From that day on, she has never looked at the sky without apprehension again.
These were the photos that Tina Farifteh presented for her second pitch for BredaPhoto Festival. She is eternally grateful to the curators of BredaPhoto Festival who courageously decided to let her go on to the third pitch round, which was to take place at the LUCA School of Arts in Brussels. ‘Because I didn’t yet have a fully completed project. Only the intention of photographing the sky every day and subsequently trying to find out whether air strikes had taken place on the same date. Not only to create a visual record of how often these strikes take place but also to make a connection with perfectly normal behaviour: looking up at the sky and enjoying what we see.’
It almost became a ritual for her. She took a picture of the sky every morning for a period of three months and subsequently searched through the databases of the London Bureau of Investigative Journalism to find out whether a drone attack had taken place somewhere in the world on each day. She noted the dates and the estimated death toll.
Together with forty-nine other students, she presented her work in Brussels in April this year. The work of only fifteen students was selected for the BredaPhoto Festival exhibition. Tina was one of them. ‘I felt grateful every time I was allowed to go through to the next round’, she says. ‘After all, each round was a new opportunity for me to tell my story to a different group of people.’ The fact that her work was chosen for the exhibition at the BredaPhoto Festival is ‘totally crazy’, as she puts it. ‘Because it means that I can touch the lives of even more people.’ Making people stop and think is what she wants to achieve with her Killer Skies. That is why the pictures depict skies rather than houses that have been shot to smithereens. ‘I don't want to tell people what to think. I want to encourage them to form their own opinions by asking critical questions: how do we feel about the fact that this is still happening, even though we hardly ever hear anything about these strikes? What does this technology mean for the future of warfare? Can you even classify unilateral strikes of this type as warfare?
Tina sent in her photos and dates to BredaPhoto Festival eight weeks before the opening day. But not before she had checked all the dates again. When she added up all the estimated casualties, she was once again shaken and shocked by the scale of this unilateral conflict. And she carried on taking photographs of the sky during the period that followed. Tina: ‘I really had to kick the habit. This was when I realised the impact that the project had had on me. I still can't ‘just’ look up at the sky.’
So a follow-up to this project is likely. ‘The theme I want to explore is what this type of knowledge does to you? I used to love sky scenes. That has changed now.’ The fact that the strikes continue, while the flow of information continues to lag behind, is bizarre in her opinion. ‘Moreover, I am curious to see how this technology and method of warfare will develop in the future.’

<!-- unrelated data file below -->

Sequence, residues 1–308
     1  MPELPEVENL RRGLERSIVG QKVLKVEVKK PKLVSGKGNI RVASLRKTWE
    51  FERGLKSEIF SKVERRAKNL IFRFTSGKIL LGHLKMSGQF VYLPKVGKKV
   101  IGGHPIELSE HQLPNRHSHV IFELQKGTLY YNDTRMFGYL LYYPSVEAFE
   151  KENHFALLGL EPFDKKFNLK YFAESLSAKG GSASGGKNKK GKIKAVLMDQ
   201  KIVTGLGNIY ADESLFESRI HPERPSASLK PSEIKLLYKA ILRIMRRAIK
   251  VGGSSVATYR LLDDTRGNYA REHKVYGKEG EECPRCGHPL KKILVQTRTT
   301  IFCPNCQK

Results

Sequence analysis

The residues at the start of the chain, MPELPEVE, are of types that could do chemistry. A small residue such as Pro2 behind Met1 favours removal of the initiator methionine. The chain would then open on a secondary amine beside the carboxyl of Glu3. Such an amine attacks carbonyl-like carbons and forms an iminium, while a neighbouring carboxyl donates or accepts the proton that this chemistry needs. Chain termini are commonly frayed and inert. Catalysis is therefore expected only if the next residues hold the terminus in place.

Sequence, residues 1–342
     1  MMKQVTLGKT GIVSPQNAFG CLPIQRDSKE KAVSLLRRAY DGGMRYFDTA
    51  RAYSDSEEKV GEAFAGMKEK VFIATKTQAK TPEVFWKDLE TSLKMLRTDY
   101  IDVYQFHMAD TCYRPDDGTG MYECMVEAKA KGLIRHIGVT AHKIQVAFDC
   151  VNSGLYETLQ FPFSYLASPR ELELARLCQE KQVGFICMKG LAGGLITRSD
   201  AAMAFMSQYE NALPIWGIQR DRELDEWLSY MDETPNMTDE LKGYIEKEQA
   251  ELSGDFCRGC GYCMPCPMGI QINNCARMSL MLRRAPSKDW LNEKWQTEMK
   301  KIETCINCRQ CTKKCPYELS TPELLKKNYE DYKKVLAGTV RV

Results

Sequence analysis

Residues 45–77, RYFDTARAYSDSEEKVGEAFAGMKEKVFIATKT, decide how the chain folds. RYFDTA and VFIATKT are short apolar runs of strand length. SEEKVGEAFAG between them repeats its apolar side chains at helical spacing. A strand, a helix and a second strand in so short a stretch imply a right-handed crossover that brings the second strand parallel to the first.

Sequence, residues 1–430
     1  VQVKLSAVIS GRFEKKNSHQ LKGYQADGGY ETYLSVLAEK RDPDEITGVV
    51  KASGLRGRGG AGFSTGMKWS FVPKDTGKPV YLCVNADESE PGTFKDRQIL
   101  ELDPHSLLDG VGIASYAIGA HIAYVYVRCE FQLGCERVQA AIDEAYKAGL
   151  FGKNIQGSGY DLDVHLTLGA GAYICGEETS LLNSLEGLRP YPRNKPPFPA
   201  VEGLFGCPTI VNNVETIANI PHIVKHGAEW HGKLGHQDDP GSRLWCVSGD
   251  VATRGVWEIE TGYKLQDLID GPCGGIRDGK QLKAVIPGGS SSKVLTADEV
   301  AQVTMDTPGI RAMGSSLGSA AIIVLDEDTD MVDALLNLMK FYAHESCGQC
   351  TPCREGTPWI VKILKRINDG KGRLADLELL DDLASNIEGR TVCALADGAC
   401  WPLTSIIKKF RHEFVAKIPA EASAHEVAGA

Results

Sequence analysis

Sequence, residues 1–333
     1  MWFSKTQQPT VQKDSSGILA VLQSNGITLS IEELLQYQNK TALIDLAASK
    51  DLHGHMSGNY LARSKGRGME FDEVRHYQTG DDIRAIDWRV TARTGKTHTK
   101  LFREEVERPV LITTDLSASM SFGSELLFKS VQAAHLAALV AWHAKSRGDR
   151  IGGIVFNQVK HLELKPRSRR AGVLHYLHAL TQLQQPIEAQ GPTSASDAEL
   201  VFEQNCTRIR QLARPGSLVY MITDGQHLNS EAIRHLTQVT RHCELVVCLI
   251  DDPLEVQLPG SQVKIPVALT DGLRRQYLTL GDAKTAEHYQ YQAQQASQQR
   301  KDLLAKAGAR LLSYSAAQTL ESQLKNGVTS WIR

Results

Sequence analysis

But let's talk about the BredaPhoto Festival first. Tina is 'enormously proud' and talks enthusiastically about how the exhibition was set up and the method chosen to present her photos - in a space that matches her work perfectly and an arrangement that powerfully projects her message. People came up to her, she says. And asked: are you the Killer Skies girl? And then went on to tell her how her work had made them stop and think. One of them even came back later with her own pictures of the sky. ‘Even though it is a major festival, the atmosphere is still very personal', says Tina Farifteh. ‘People are not afraid of starting a conversation with strangers.’
Perhaps these conversations are the first signs of a change.
BredaPhoto Festival is the largest photo festival in the Benelux. The International Talent Program is a permanent feature of the festival, which takes place once every two years. BredaPhoto Festival collaborates with eight photo academies in the Netherlands, Belgium, Germany and - for the first time in 2018 - the Czech Republic.
Students from the eight European academies started working on the theme for this eighth edition of the festival ('To Infinity and Beyond') as far back as September 2017 and received feedback on their projects and ideas from the curators of BredaPhoto as the opening date drew nearer. In April 2018, 50 of them were invited to a pitch presentation at LUCA School of Arts in Brussels. An inspiring experience, according to Tina Farifteh. ‘Presenting your work and talking about it, hearing how other people approach this theme, constantly putting yourself in the shoes of people who know nothing about your subject: you learn a lot from the whole experience’, she says. The curators finally selected the work of 15 students for the festival.
Tina points out that the work of talented young photographers is included as an integral part of the festival, rather than a separate add-on. ‘That is very special’, she says. ‘BredaPhoto Festival mixes the photo collections and video installations of top photographers and students together in its presentation. Visitors are free to make up their own minds.’